Distracted Drivers on Eighteen Wheels

On January first, Illinois joined the substantial minority of states who currently ban text messaging while driving. The new state law also bans checking email, updating social networking sites and general web-surfing while driving as well. The fact that the Illinois state legislature felt the need to specify a ban on surfing the web while driving signals that a new trend in legislation may be on the horizon.

It is no longer sufficient for states to ban texting while driving or hand-held cell phone use. New handheld technology and in-vehicle technology which promote the use of the Internet while driving are the newest targets for advocates and lawmakers who want technology that contributes to the nation's distracted driver problem banned from the road.

As studies have shown that distracted drivers of large commercial vehicles are even more dangerous than distracted drivers of smaller vehicles, Americans who travel by motor vehicle have reason to worry about the impact of putting Internet-based technology into the hands or cabs of commercial vehicle drivers.

Texting Bans Abound

Late last year, President Obama signed an executive order requiring federal employees to refrain from texting while driving government-owned vehicles. Last month, the Transportation Department banned truck and bus drivers from texting while operating commercial vehicles weighing over 10,000 pounds. Truck drivers who violate the new federal law will be subject to civil or criminal penalties including fines up to $2,750.00.

These laws are only the latest in a national trend of lawmaking that has resulted in 19 states banning texting while driving for all drivers and six states banning all hand-held cell phone use while driving. The Transportation Department has stated that it is additionally working on regulations that would restrict the use of cell phones by truckers and the use of the in-vehicle computers that truck drivers use to communicate with dispatchers. Lawmakers' recent focus on restricting distracted driving among truck drivers likely relates to the decrease in road-safety that occurs when truckers, in particular, become distracted.

The Distracted Driver Plague

A study by the Virginia Tech Transportation Institute reports that the likelihood of a crash due to cell-phone use disproportionately affects commercial truck drivers in comparison with car drivers. The study reports that:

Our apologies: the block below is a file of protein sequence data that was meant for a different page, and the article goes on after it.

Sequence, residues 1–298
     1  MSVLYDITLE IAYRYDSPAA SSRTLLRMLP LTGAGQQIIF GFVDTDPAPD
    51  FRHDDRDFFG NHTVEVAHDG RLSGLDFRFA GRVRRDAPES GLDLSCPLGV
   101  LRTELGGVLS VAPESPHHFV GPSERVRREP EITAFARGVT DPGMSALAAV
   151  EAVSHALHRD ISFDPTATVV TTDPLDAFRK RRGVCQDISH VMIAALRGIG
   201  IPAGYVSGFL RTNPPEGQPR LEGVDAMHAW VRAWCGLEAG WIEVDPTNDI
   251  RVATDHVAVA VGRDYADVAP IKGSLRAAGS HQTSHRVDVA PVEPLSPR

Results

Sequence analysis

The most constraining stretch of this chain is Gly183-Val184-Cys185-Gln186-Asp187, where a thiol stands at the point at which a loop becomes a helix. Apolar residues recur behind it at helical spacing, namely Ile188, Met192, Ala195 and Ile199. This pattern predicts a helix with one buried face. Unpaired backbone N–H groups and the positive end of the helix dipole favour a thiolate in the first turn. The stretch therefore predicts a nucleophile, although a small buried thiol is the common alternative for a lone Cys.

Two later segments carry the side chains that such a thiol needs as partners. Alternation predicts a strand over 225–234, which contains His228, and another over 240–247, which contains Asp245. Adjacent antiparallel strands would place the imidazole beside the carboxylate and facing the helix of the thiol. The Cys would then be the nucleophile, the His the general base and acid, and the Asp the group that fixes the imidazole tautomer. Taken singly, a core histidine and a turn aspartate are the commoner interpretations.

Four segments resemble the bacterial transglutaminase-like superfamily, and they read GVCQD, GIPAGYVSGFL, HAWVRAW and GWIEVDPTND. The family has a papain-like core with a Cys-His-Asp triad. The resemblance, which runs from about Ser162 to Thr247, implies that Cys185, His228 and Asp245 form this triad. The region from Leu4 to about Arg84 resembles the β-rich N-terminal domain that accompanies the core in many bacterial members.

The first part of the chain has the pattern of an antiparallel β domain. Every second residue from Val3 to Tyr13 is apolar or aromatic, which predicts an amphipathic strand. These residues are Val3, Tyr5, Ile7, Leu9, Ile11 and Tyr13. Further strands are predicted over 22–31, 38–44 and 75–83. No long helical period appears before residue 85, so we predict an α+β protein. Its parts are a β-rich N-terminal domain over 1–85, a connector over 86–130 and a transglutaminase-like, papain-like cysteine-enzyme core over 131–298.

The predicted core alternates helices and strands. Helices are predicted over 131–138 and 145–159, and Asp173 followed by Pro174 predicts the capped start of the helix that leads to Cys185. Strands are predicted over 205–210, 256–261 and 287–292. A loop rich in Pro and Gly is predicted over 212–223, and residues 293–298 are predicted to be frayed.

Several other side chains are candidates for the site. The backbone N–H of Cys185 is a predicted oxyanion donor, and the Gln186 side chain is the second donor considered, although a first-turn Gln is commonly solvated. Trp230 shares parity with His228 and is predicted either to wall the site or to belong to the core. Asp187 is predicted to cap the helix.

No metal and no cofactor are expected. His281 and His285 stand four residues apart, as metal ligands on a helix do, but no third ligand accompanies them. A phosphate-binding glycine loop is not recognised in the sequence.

• The risk of an accident is 5.9 times more likely for a truck driver who is dialing a phone, as opposed to the 2.8 times risk increase for a car driver
  • The risk of an accident that a truck driver faces when reaching for an electronic device is 6.7 times higher, as opposed to the 1.4 times risk increase for a car driver

In addition, a study by the U.S. Department of Transportation's Federal Motor Carrier Safety Administration discovered that 71 percent of the crashes in which commercial truck drivers played a part involved at least one distracted driving practice. In 2007, 413,000 large trucks were involved in crashes resulting in nearly 5,000 fatalities. In light of such statistics, it is not surprising that lawmakers are resisting the implementation of even more distracting technology than the cell phones, which currently distract a large proportion of drivers.

Even More Distractions...

There are three different kinds of distraction that frequently plague drivers:

  • Manual – involves taking one or both hands off the wheel
  • Visual – involves, however briefly, taking one's eyes off the road
  • Cognitive – involves taking one's mind off the task of driving and the action on the road

Interacting with hand-held or touch screen in-vehicle technology involves all three kinds of distractions. Carnegie Mellon has reported that driving while using any kind of cell phone reduces the amount of brain activity needed to drive safely by 37 percent. To what extent brain activity, needed for safe driving, is reduced by driver interaction with Internet-ready devices has yet to be determined. However, it is a safe assumption that these devices reduce attention to driving by an even greater amount.

Lawmakers have recently turned their attention to new "infotainment" systems designed for cars and trucks as concern grows among the public that utilizing such devices while driving could prove to be even more dangerous than texting while driving. Transportation Secretary Ray LaHood is planning on meeting with automakers to discuss the issue. LaHood has been a vocal opponent of technology that raises the risks of distracted driving. He has so far declined to comment on whether he will try to restrict in-vehicle Internet-ready technology, but given his opposition to cell phone use and texting while driving, it is likely that LaHood will push for some regulation of the new technology.

Questions and Answers

If you have been injured in an accident involving a distracted driver, please contact an experienced personal injury attorney. An attorney can answer any questions you have regarding your claim and explain your legal rights and options.